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Thursday, 28 February 2008 04:18
aboutjs7.jpgIn this first installment of our Guitar Insider series, Ken Volpe spends some time with John Suhr of Suhr Guitars, Basses, and Amps and talks about the woods used to build electric guitars and the tonal qualities produced from each.

John Suhr started his building career some 35 years ago in New Jersey. Searching for the perfect tone during his bar band days, he began building his own instruments. In the early 80's John started working for Rudy Pensa at Rudy's Music Stop in NYC. It was during this time that the "Pensa-Suhr" guitars were born.

John built guitars under the "Pensa-Suhr" brand for Mark Knopfler, Eric Clapton, Peter Frampton, Lou Reed, Steve Stevens, Reb Beach, and many others. John left NYC to work with Robert Bradshaw in 91' and Four years later John felt his original calling and accepted a job as Senior Master Builder at the Fender Custom Shop. There he built custom guitars to order and was involved in R&D for new product development. His clients included and still include Michael Landau, Scott Henderson, Doug Aldrich and Peter Frampton. Making his true dream a reality, John Suhr opened up his own small factory building custom guitars to order in 1997. Partnering up with Steve Smith whose background is in CNC programming, John finally had total control over the entire process of building the ideal electric guitars and basses. From picking out the lumber to cutting the bodies and necks on the in-house CNC machines to painting and finish work to winding John’s own-design pickups to final assembly and set-up, John was now able to oversee every aspect of the guitars being built with the highest quality standards possible and unflinching attention to detail. The company has continued to grow to where it is today in 2008 – building 100 plus custom instruments on a monthly basis.

John, please list the different types of commonly used body woods for solid body electric guitars.

Alder, Swamp Ash, Basswood, Honduras Mahogany, Basswood Back with Quilt or Flame Maple Top, Ash Back with Quilt or Flame Maple Top, Mahogany Back with Quilt or Flame Maple Top.

Can you tell us about the specific qualities of each of these body woods?

Alder – Rich and full, Alder is strong in the lower midrange. This is probably the most widely used wood in the 60's for 3 single-coil style guitars. It is medium to light in weight and takes well to sunbursts and some transparent colors.

Swamp Ash – Popular in the 50's for electric guitars, this wood is alive and lightweight. Swamp ash just wants to vibrate. Bright and sweet at the same time with excellent grain patterns, all transparent finishes look great on Swamp Ash. One-piece Maple neck is a natural for Ash. Pau Ferro fingerboards also work well. Rosewood fingerboard on Ash body will give too much sizzle for many players.

Basswood – Strong in the midrange, Basswood has a balanced tone and is lightweight. Light in color with almost no grain patterns, Basswood is best suited for solid colors or is excellent as a backing wood for a Maple top. All types of neck wood combinations work on Basswood.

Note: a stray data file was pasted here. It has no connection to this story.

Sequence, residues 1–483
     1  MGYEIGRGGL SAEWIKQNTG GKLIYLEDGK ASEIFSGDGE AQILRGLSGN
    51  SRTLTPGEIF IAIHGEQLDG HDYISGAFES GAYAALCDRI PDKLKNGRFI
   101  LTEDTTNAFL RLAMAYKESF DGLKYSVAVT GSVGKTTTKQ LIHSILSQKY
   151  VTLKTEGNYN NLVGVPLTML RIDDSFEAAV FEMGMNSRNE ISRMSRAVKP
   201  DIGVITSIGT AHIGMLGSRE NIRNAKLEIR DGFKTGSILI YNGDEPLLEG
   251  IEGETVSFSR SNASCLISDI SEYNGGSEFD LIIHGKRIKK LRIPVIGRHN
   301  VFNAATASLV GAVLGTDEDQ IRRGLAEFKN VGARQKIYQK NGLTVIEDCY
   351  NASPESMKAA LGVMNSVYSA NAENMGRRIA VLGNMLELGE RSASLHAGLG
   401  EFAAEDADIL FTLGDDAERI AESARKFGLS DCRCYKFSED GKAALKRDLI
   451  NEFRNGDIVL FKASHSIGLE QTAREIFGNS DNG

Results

Honduras Mahogany – A popular wood used in set-neck guitars, Mahogany is strong in the mid-mids with a good high-midrange bark. Contrary to popular belief, Mahogany is not dark, that thought comes from the guitars that usually use the wood – just strong in the mids that gives it the aural illusion that it's compressed. Mahogany body is best when mated with Mahogany neck.

Basswood Back with Quilt or Flame Maple Top – Okay, this may be the Holy Grail of tone. The Basswood response is extended by a 3/16" Maple top adding more clarity and grind to the fatness of the Basswood, this combination is our favorite! Usually colors chosen will be opaque on the back with transparent colors on the top – LP style. It's most excellent with a one-piece Maple neck.

Ash Back with Quilt or Flame Maple Top – The Ash back has that open ring with good clarity. The Maple top seems to add another dimension – not harsh at all but very alive sounding in both clean and dirty modes. Also, it's an excellent look for transparent colors both on the back and front. This combination makes for a light guitar as well. It has a nice punch with scooped mids. Maple neck is also a killer tone for this combo.

Mahogany Back with Quilt or Flame Maple Top – This is another killer combination when mated with a Mahogany neck with various species of Rosewood for fingerboard material. Maple extends the range of Mahogany with more brilliance and punchy lows. The Mahogany back and neck combination works well in the bolt-on design and is highly recommended for those seeking a woody acoustic tone. Shorter scale lengths and thicker body set neck guitars will add midrange, which compliments the Mahogany. Warning though, Mahogany can get heavy.

Disclaimer...These are all generalizations. Obviously, no two pieces of wood will sound exactly the same. In addition, truss rods, tuning gears, bridges, body shape, chambering options and many other factors will change the tone of the electric guitar acoustically which does get transferred to the amp. You can also doctor things up with choice of pickups and electronics. Everything has to be considered when choosing woods and is usually better off left to the maker of your instrument. There is also the issue on how does it fit in the mix? Lets say you spend all day dialing in your tones at home or at your rehearsal space and you think you have all your tones dialed in perfectly... The band comes in and the rehearsal or the gig starts... The first thing you do is run to your amp to turn up the treble, turn down the bass and turn down the effects... Sound familiar?

Next time, we will discuss tone woods for neck and fingerboards.

Find out more about Suhr at their website

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